Based on the original article How to Find Secular Drug Rehab. Used with permission.
Drug rehab, be it twelve step or otherwise, is often so stuffed with God you wouldn’t be able to tell it apart from church. With 15% (and growing) of the United States identifying as non-religious, there are an increasing number of answers for those seeking drug rehab and not a bible lesson. AA claims you can go through the program without converting, but why fit yourself into their mold? This article will show you nonreligious options for rehabilitation. Finally – a responsible drug rehab program for atheists, agnostics and non-believers.
The leading alternative drug rehab program is Secular Organizations for Sobriety. SOS is a recovery method for drug addicts and alcoholics that focuses on the individual and their own responsibility for recovery. It’s a self-empowerment approach to rehabilitation. SOS also promotes skepticism and encourages the use of scientific reasoning in understanding and fighting addiction. Their website includes a nationwide database of meetings so you can find one in your area.
SMART Recovery (which stands for Self-Managment and Recovery Training) aims to combat all kinds of addition by using a four point program. They focus on enhancing motivation to quit, refusing to act on urges to use, managing the problems in life that often drive us to use, and developing a positive balanced lifestyle. Like most alternative drug rehab programs, SMART approaches addition as a dysfunction habit rather than a disease.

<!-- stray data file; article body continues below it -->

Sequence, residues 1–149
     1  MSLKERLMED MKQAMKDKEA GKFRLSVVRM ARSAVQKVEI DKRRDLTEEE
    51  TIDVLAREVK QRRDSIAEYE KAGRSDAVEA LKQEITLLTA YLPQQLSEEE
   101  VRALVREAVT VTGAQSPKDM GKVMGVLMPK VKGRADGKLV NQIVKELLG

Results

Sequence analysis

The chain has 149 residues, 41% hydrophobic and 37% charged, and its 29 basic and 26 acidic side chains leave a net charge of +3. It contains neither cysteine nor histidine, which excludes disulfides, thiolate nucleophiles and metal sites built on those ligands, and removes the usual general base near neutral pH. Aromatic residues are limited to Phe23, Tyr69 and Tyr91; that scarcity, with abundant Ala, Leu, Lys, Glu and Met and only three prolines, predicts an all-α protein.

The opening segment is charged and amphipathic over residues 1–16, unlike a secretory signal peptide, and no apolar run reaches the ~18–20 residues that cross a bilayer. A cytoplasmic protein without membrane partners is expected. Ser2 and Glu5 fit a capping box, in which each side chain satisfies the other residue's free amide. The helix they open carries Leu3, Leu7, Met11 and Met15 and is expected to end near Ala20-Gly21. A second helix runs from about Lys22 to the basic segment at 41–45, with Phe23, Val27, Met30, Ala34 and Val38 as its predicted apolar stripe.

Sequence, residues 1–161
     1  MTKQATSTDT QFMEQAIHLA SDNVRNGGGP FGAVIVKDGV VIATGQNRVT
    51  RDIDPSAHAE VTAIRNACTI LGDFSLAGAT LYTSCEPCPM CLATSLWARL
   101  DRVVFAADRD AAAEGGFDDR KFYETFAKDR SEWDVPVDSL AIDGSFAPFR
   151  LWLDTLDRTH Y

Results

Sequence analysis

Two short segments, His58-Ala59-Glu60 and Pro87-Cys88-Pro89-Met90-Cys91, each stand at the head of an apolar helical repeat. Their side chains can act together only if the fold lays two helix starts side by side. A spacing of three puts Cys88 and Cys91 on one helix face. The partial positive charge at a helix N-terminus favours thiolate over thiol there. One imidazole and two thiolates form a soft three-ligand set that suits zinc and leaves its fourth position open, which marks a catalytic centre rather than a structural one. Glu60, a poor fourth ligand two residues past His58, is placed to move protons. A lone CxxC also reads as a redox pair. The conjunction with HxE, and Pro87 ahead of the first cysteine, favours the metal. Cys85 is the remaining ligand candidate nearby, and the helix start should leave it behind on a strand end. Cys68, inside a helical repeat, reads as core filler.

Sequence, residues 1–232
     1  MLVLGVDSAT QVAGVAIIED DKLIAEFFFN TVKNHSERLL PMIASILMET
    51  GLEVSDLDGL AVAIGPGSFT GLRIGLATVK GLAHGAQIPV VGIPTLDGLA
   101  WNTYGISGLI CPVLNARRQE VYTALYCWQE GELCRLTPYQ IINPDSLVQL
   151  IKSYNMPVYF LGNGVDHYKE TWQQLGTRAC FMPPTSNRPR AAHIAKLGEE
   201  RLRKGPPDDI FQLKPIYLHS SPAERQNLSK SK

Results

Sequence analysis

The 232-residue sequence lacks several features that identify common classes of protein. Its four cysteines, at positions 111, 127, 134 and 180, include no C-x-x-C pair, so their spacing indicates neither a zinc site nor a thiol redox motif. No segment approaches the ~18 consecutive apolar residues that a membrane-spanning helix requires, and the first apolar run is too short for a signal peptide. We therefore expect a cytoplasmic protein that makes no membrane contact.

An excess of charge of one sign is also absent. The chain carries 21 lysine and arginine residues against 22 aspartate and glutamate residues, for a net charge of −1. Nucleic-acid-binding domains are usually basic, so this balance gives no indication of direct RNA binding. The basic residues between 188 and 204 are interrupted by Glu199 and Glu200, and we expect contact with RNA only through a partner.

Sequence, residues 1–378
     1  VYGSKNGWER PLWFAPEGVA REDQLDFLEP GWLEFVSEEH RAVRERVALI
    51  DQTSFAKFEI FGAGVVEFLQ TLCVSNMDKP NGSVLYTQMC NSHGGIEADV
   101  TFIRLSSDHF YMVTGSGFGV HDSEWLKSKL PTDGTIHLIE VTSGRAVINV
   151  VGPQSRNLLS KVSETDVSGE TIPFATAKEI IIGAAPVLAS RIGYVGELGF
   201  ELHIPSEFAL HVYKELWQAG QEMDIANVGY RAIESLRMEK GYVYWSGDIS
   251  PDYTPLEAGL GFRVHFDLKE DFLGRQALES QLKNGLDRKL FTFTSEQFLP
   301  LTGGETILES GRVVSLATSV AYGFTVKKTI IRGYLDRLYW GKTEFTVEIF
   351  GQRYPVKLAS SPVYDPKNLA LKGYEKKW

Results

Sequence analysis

Rational Recovery is an abstinence based approach to drug rehab. It has become very controversial for its direct opposition to AA’s approach. While RR groups do exist around the world, part of RR’s philosophy is that recovery groups are counter productive. Rather than meetings, RR encourages a series of books, videos, and lectures to help rehabilitation. In the early 90s, RR split off from SMART Recovery (who continues to advocate meetings for those seeking sobriety).
LifeRing Secular Recovery (sometimes known as LSR) is a rehabilitation program focusing on the use of drugs and alcohol as well as reaching out to help those who are in a relationship with an addict. They promote an experimental approach to alcohol and drug rehab in that members often experiment and collaborate on ideas to help rehabilitation. Unlike other groups, LifeRing uses relapses as a learning experience that can better help the group’s understanding of addiction and recovery.
Women for Sobriety if an alcohol recovery program. What makes it different than other secular drug rehab programs is that it uses a system of steps. The thirteen steps to recovery used by WFS are much more rational and open minded than that of AA. As with many other groups, WFS doesn’t oppose religion; it believes that it is irrelevant to the rehabilitation process. The group focuses instead on positive reinforcement and personal empowerment.
If you can’t find one of these groups in your area, call them up or check out their websites. Many offer online meetings, and will also help you find a secular group of some kind in your area.